2015 BX514 is a mid-sized asteroid with an orbit between Jupiter and Neptune. NASA JPL has not classified 2015 BX514 as potentially hazardous because its orbit does not bring it close to Earth.
2015 BX514 orbits the sun every 15,500 days (42.44 years), coming as close as 4.58 AU and reaching as far as 19.70 AU from the sun. Based on its brightness and the way it reflects light, 2015 BX514 is probably between 3.052 to 6.824 kilometers in diameter, making it larger than 99% of asteroids, very roughly comparable in size to the island of Manhattan.
2015 BX514's orbit is 3.61 AU from Earth's orbit at its closest point. This means that there is an extremely wide berth between this asteroid and Earth at all times.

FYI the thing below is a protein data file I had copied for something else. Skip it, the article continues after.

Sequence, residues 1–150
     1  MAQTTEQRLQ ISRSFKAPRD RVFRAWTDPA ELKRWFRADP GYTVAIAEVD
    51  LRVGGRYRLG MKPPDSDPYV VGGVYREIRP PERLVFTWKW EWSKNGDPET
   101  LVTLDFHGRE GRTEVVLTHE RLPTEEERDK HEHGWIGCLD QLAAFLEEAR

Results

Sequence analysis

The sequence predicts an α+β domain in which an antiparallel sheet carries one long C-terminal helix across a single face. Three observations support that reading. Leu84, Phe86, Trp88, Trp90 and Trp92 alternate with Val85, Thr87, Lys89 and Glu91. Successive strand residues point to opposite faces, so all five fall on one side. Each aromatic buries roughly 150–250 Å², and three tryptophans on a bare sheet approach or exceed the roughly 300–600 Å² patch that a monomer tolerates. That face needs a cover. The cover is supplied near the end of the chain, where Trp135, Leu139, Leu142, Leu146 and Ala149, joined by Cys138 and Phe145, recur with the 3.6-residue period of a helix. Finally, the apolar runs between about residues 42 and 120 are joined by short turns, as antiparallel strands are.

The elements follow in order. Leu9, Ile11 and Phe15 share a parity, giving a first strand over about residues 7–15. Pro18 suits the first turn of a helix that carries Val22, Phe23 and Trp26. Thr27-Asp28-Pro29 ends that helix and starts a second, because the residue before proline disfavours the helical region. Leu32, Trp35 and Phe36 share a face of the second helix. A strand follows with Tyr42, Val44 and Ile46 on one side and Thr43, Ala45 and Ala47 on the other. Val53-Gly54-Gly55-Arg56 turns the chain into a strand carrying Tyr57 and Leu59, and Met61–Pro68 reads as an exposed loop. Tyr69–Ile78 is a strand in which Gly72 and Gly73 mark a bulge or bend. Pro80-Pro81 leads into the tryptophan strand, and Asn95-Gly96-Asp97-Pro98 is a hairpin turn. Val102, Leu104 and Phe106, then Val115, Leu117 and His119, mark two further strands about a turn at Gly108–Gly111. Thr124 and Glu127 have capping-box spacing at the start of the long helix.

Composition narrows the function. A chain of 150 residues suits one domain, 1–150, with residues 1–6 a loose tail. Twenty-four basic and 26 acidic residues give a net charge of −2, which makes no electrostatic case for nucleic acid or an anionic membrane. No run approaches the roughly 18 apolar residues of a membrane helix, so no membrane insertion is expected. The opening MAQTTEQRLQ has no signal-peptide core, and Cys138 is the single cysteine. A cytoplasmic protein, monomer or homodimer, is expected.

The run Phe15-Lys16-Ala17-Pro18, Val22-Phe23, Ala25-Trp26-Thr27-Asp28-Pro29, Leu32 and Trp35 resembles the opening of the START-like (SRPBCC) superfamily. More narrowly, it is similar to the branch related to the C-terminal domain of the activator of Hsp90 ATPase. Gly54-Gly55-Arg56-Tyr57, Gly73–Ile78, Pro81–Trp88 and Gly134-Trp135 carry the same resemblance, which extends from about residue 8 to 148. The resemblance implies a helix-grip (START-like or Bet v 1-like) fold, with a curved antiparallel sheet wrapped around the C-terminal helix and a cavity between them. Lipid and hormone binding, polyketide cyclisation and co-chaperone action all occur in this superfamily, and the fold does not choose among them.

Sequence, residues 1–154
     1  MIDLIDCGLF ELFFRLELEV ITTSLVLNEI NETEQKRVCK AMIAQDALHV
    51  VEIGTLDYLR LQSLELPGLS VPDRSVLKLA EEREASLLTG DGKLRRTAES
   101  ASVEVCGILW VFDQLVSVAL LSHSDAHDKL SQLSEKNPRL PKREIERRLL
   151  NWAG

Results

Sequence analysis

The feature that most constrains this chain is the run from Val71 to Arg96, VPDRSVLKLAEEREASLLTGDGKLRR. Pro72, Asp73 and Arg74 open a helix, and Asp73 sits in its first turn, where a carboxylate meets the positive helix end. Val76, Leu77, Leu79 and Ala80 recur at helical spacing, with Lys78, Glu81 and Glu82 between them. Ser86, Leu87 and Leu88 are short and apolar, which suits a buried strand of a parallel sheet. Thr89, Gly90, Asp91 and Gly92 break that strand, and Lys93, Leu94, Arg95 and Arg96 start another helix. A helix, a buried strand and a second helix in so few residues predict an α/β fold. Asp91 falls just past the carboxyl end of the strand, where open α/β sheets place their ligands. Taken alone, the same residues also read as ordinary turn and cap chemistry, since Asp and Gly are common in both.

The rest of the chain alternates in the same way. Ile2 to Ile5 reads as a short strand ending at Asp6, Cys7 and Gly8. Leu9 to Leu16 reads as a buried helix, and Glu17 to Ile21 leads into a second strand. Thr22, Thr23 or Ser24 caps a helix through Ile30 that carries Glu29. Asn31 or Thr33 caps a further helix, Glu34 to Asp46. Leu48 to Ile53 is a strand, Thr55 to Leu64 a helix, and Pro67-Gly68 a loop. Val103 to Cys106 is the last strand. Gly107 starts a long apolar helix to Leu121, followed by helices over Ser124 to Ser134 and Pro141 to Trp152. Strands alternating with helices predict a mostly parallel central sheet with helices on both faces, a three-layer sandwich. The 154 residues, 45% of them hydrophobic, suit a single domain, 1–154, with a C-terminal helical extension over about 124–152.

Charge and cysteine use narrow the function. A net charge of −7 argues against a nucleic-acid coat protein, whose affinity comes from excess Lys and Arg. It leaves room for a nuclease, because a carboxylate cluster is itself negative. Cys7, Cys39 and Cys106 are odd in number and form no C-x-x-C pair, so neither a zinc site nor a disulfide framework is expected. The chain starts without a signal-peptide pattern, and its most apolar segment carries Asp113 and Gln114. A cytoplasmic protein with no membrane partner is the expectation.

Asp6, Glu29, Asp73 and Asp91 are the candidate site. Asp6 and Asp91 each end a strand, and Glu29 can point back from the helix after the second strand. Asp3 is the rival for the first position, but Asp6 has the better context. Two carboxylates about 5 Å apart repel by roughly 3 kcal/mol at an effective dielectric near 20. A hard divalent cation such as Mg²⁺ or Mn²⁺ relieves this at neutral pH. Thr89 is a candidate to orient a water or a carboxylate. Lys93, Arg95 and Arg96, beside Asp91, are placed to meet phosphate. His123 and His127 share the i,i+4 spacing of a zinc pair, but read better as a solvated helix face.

Orbital simulations conducted by NASA JPL's CNEOS do not show any close approaches to Earth.
2015 BX514's orbit is determined by observations dating back to Nov. 27, 2013. It was last officially observed on April 2, 2016. The IAU Minor Planet Center records 52 observations used to determine its orbit.
The position of 2015 BX514 is indicated by a ◯ pink circle. Note that the object may not be in your current field of view. Use the controls below to adjust position, location, and time.
The above comparison is an artistic rendering that uses available data on the diameter of 2015 BX514 to create an approximate landscape rendering with Mount Everest in the background. This approximation is built for full-resolution desktop browsers. Shape, color, and texture of asteroid are imagined.